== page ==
• What the US has is effectively a consumer oriented popularity contest for who gets to represent the super-rich, AKA representative democracy. Such a system doesn't require a great deal of transparency or attention from the electorate because they really don't have much of a say in the law and policy making processes. It's certainly convenient, voting wise, but not very effective at providing rule of the people, by the people, for the people.

      Ironically, what congress seems so opposed to in other coun

      • e.g. Sweden, whose economy is roughly 90% state owned.
        That is complete nonsense.

        The state might still own some shares of SAB or Volvo, but thats it.

        As in most western nations the "economy" is owned by the share holders which in the end are people and often foreigners.

        No idea where those stupid ideas come from that "health care" only works if the state owns the means of production.

        Sweden is a free capitalistic market like most of the world meanwhile. Health care, mothers protection, luxury taxes, a very broa

    • by angel'o'sphere ( 80593 ) on Friday December 25, 2015 @05:24PM (#51183345) Journal

      Here in the US at least, and honestly it should be the same elsewhere, we don't want an actual Democracy due to the downfalls of that system. In effect a true, pure democracy will always devolve into anarchy and eventually a dictator will rise to power and effectively enslave the population.
      Tell that the Swiss.

      The US system is designed to provide a modified democratic system with protections against the outcome I just described.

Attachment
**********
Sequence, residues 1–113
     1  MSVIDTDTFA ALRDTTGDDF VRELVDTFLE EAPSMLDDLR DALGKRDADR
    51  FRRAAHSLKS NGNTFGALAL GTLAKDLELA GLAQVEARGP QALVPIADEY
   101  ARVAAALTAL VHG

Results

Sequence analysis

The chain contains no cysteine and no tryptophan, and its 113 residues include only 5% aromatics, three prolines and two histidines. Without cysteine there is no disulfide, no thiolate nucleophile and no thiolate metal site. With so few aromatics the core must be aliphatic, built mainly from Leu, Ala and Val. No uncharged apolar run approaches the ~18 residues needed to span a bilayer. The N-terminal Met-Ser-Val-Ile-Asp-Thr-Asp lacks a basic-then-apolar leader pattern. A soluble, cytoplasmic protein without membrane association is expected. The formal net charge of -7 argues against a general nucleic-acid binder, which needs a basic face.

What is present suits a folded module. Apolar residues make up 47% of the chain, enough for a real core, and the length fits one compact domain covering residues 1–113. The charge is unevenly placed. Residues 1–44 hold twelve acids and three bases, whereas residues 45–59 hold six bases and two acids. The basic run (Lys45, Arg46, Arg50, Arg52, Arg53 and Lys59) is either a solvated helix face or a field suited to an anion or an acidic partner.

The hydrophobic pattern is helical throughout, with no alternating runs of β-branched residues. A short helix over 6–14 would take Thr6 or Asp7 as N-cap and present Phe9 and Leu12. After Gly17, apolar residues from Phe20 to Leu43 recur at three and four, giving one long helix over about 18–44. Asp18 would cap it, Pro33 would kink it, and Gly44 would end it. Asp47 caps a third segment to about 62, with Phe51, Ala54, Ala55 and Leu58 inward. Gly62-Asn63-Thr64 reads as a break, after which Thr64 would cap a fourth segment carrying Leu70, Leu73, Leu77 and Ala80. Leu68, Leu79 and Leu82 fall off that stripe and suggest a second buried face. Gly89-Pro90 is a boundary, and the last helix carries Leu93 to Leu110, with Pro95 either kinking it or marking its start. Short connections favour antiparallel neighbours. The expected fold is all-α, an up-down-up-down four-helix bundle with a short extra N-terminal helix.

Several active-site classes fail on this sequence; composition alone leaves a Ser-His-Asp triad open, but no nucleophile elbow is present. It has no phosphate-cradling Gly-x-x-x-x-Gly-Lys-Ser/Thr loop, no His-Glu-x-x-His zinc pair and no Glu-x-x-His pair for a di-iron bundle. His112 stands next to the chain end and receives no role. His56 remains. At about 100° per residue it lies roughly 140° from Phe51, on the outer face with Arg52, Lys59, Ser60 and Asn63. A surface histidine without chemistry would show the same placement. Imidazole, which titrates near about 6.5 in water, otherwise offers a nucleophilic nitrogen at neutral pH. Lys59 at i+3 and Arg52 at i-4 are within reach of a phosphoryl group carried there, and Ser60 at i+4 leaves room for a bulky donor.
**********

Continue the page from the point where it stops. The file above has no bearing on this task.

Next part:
No it is not. You are governed or herded by a money aristocracy, or call it the oligarchy of the 1% super rich.

      • You have an inability to understand what you read. "The US system is designed to provide a modified democratic system with protections..." That the system has not been entirely successful in achieving purpose of its design, does not mean that the design purpose wasn't as stated.
    • by delt0r ( 999393 )
      You know that Switzerland has a direct democracy and has had it for a long time. We do not describe Switzerland as much of an anarchy you know.
      • by bsolar ( 1176767 )
        Switzerland has only a semi-direct democracy: basically it's still a representative democracy but with much stronger powers given to the citizens, which have instruments to influence or even force their elected representatives to act in a specific way on top of very strong safeguards against laws going in force without their approval.
  • Bad Idea (Score:5, Insightful)

    by jeepies ( 3654153 ) on Friday December 25, 2015 @04:36PM (#51183067)
    Generally, the electorate isn't informed enough on issues to make good decisions. One of the reasons we have elected representatives in office for 2, 4, 6, etc. years is to provide some stability. People's views change on a whim. Watching one news special about a particular issue can swing views wildly.

    This kind of direct voting would result in utter chaos. Nothing's more fickle than public opinion, and it's impossible to get anything done when changing direction at the speed of the news cycle.
    • Yes to this. Direct democracy doesn't work. However, bribed representatives doesn't work either. The US needs a reform of their representative democracy, as it has been hacked.
    • Direct voting would happen every 3 or 4 months, on certain topics like new laws. Laws would still be crafted by the parliament, but the people would vote if it goes into action and probably for how long until there is a revote about the law.